Yeah, usually they are called AC 3 and AC 4, IIRC. What's right for your
case, is AC 3, for induction (squirrel cage) motors. Although the spec for
your timer says 16 A, it would be a good idea to use your timer to operate a
relay (magnetic contactor) and choose a single phase, two contact relay.
This will move the (electrical)stress of opening and closing the contacts
from the timer to the relay . I usually use those transparent single phase
relays, which here are called valve type, because they are trasparent and
look like old fashioned valves. They come with a base, that can be installed
on a rail (panel) or with screws, and when the relay is toast, you just plug
in a new one, instead of trashing the whole timer. BTW, the specs for AC 3
are: printed on any relay, and you can ask the vendor (where you buy it)
If a switch is motor rated it will generally have an HP rating on it.
You can usually get away with using small fractional HP motors on a
switch rated at 16a resistive but I would not use more than 1/3 to
1/2HP on one.
I believe what T.D is talking about is a "solid state relay" in the US
and that will handle whatever the relay is rated for on a very small
operating contact. They will even run directly off a CMOS device since
it is just a LED doing the signaling an opto-isolator on the low
current side and a big triac switching the load.
I wouldn't advise using an SSR to switch motors.
They are good for resistive loads and some inductive loads, but not
motors due to the way they fail. If the DIAC develps a fault the relay
can go "half closed" and burn out the windings in your motor.
I guess you never saw an IBM check sorter. They had about 50 SSRs
The only real problem was that these were 3 phase and since there is
never a true "zero crossing" they switched under power so they
generally used something with a rating 5x-10x the expected load.
They usually failed "full on". The single phase motors just ran all
the time and the 3 p motors tripped the over current device.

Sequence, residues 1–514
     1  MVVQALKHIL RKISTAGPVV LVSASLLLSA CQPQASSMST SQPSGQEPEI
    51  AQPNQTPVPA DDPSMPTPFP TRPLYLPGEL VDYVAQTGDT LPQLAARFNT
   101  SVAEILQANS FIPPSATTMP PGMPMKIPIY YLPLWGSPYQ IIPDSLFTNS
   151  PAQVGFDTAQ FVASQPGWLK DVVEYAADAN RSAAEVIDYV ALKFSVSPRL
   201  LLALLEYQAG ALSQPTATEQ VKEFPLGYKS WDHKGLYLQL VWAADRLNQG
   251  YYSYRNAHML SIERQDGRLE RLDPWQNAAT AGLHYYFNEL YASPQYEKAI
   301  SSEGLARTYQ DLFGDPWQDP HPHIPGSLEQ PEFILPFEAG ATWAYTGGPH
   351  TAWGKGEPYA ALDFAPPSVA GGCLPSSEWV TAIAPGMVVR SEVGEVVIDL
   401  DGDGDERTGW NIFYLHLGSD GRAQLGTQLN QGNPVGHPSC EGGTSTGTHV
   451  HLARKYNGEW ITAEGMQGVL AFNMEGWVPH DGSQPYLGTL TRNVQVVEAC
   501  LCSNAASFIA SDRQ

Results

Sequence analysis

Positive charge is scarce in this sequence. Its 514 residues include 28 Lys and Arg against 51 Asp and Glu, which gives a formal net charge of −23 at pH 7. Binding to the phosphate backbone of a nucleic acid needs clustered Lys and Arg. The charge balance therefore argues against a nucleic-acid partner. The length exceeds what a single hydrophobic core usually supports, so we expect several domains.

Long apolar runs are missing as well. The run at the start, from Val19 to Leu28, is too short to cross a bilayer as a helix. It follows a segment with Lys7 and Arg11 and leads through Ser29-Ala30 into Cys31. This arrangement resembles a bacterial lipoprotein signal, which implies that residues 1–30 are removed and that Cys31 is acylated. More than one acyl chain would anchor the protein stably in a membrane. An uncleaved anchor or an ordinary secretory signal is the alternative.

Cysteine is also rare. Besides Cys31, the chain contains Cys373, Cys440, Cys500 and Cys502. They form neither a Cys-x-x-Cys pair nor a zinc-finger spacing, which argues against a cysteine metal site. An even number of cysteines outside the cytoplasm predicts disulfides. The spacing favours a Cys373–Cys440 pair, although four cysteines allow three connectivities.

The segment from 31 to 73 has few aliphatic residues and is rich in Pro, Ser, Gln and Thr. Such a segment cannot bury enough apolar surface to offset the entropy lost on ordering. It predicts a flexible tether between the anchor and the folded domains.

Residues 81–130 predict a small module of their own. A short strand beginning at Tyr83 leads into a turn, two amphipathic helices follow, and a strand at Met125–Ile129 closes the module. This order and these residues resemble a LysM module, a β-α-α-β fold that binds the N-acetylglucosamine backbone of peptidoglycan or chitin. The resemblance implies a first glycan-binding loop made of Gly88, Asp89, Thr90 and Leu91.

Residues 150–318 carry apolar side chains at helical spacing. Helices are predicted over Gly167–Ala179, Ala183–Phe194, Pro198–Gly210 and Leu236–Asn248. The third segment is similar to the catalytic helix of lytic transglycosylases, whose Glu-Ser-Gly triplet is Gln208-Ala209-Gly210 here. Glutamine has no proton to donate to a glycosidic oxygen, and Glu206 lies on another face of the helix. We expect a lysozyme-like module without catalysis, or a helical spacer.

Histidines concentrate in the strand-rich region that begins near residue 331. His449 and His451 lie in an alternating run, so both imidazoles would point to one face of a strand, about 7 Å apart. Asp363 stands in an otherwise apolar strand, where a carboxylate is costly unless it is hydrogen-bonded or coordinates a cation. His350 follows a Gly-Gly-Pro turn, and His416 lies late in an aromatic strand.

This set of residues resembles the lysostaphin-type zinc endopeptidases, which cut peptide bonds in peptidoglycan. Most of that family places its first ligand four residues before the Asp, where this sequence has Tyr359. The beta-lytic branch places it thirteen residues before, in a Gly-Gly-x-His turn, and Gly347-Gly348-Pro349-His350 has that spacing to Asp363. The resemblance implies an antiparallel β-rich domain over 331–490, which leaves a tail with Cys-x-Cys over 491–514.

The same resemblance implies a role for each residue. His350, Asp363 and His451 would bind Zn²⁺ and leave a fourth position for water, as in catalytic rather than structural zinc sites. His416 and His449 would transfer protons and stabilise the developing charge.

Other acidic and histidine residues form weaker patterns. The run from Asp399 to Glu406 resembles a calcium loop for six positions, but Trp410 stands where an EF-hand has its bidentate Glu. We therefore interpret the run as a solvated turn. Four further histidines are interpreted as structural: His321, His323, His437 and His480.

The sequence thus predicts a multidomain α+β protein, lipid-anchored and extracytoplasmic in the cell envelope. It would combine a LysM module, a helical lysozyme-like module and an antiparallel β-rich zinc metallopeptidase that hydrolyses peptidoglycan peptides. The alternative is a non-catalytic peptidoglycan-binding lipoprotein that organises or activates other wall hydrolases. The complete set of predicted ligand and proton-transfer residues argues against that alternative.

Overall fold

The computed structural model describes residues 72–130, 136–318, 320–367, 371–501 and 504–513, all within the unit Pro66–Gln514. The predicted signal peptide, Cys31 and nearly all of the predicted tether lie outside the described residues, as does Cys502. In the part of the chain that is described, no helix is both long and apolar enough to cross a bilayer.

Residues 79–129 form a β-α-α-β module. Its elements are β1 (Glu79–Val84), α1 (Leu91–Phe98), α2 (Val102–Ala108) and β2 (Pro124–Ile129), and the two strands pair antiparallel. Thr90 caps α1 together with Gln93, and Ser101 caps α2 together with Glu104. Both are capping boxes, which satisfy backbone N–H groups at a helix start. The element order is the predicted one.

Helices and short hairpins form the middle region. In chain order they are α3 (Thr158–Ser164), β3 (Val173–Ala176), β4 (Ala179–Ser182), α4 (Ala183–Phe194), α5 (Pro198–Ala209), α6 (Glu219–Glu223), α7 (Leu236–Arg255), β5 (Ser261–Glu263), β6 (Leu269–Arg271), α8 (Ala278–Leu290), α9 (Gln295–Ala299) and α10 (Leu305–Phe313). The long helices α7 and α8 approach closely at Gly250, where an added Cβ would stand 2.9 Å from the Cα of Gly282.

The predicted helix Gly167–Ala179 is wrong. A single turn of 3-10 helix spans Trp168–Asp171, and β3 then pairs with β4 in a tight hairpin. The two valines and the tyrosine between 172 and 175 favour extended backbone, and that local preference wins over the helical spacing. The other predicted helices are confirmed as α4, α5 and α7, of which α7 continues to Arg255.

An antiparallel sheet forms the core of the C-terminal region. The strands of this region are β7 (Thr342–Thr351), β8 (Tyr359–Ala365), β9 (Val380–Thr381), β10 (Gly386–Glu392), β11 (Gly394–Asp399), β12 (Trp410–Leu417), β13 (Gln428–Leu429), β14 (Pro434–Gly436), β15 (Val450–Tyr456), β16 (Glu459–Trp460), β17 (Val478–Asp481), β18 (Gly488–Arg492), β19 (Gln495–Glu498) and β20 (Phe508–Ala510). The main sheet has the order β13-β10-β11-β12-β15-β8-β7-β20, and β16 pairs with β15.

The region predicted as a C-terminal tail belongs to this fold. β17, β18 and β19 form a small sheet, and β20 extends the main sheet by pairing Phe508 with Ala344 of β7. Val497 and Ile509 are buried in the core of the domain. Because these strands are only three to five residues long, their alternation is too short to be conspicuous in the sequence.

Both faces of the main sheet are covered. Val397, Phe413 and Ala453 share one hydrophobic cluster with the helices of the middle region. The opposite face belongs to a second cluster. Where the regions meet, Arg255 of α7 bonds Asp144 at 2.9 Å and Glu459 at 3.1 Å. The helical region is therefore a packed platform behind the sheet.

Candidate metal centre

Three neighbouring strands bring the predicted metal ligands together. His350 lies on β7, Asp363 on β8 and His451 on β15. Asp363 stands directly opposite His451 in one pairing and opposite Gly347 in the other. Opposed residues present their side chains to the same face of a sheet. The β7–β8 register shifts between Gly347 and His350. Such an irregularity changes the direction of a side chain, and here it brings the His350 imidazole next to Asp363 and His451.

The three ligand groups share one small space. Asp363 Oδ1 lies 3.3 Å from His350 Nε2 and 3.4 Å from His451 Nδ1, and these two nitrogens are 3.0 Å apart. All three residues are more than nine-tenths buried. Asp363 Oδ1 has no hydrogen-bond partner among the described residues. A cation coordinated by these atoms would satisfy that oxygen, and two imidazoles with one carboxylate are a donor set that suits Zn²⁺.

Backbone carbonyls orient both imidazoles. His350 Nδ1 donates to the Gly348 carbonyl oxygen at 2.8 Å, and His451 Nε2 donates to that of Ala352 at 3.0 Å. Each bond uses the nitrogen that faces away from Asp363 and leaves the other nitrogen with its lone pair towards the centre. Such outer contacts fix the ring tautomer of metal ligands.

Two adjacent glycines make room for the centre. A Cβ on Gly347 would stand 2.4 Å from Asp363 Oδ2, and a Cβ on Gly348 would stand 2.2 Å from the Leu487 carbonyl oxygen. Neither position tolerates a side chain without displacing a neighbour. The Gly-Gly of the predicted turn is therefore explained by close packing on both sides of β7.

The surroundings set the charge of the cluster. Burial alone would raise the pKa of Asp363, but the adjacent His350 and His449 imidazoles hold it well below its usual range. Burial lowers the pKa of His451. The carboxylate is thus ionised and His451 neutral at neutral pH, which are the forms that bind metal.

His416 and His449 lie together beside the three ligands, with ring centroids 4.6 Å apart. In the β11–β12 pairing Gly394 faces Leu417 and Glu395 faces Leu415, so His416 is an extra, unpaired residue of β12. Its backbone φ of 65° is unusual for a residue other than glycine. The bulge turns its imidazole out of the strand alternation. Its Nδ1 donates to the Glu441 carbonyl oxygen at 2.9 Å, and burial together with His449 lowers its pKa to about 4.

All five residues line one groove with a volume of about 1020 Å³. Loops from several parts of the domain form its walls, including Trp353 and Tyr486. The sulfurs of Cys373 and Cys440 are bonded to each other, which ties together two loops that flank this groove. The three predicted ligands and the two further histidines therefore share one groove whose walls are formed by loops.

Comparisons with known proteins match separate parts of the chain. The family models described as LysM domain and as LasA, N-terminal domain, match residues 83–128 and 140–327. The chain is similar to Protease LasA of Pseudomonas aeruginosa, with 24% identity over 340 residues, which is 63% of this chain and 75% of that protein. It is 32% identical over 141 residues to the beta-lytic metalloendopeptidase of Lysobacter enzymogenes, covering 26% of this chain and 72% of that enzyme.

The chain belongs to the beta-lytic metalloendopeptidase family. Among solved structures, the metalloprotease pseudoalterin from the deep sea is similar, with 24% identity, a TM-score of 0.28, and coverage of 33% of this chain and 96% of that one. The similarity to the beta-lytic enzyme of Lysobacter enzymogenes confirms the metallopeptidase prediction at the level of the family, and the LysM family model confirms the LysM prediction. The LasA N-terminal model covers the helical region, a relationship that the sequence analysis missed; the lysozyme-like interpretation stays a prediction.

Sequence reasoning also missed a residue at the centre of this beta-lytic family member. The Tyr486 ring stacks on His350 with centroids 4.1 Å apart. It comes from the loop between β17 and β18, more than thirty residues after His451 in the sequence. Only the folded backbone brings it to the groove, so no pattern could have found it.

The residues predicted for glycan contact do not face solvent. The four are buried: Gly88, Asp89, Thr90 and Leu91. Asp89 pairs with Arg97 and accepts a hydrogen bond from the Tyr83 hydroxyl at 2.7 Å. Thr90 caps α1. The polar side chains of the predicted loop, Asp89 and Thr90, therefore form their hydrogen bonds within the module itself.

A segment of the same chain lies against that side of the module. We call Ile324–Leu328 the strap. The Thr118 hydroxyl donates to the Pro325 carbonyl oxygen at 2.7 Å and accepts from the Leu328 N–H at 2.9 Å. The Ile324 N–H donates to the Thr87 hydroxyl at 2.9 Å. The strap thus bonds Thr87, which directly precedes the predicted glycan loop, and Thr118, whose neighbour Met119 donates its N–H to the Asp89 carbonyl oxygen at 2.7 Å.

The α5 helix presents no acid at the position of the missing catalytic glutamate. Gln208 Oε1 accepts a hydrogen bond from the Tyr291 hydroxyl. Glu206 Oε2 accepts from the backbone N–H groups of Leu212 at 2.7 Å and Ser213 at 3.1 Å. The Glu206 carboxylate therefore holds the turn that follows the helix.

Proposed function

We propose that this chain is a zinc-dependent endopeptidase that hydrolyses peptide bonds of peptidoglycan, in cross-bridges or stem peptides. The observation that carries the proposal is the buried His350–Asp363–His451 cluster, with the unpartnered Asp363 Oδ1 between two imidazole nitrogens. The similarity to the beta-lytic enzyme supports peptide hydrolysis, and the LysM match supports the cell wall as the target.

email@example.com formulated on Sunday :
No, I can't say that I have, I have seen SSRs fail full on & open
ciruit. That wouldn't hurt your motors, but I have replaced several
that would allow "half"voltage when they were supposed to be
Thermal protection should protect the motor, but if the motor doesn't
have proper protection or is running a refrigeration compressor.
There is a company in Australia (who I won't name) that used ssrs to
start refrigeration compressors. They went back to a coil relay after
they noticed the number of compressor failures increased.
Some failures were due to burnt windings and some were caused by
damaged valves from liquid floodback (caused by the compressor never
turning off and icing up the evaporator coil)
When I wrote I wouldn't advise using an SSR to start a motor I didn't
mean that you shouldn't ever use one.
I can understand the logic of using SSRs in that sort of applicaton
though, They have a higher switchlife, & no noise :)
The biggest problem I have seen was when you had ripple on the DC
supply (in a DC gate SSR) and it had a screwy wave form on the output
What brand were you using? I have had pretty good luck with Crydom but
I think the Opto22s are better. I have a bunch of them around the
house doing different things.
I've used several brands, Golink Crydom, Eurotherm, Omron...
The Eurotherms are very good, our company buys 40Amp SSRs mounted on
heatsinks W/DIN rail mounts. They are rated for a higher output voltage
too (660VAC) and work at higher temperatures.
The only ones that have ever really been a problem (we only use them
for resistive loads ie. Heaters) were Golinks.
We had heaps of them fail because of faulty resistors in the
optocoupler. Golink corrected the problem but we were out for alot of
warranty replacements and were not game to try them again...
We use Crydom in most products, they seem to be very reliable.
No, it's a normal electromagnetic relay, but I know how its called only in
greek. (Rele lychnias). See here, for example:
They just have a transparent cover, and usually are single-phase, rated
contacts for 16 A.
major in electrical engineering
Tzortzakakis Dimitrios laid this down on his screen :
In english, those are called plug-in relays.
The 10 amp units are easy to find and cheap, however the bigger units
do start to get expensive.
If the OP is looking for just a single pole then I would advise him to
look at this:
I have used hundreds of these and found them to be very reliable.
Actually, it is what I visualised when you described it, though I was a
little confused by your description of a "valve relay".
I would probably just describe it as a an "octal base relay" (though
sometimes they may have more than 8 pins). They usually plug into a
standard octal valve base which is presumably why you refer to them in the
way you do.
Can't say as I remember that particular problem. The biggest problem I
recall, was trying to get my head round the idea that the "HT" line was
negative WRT earth, especially with the early Germanium stuff.
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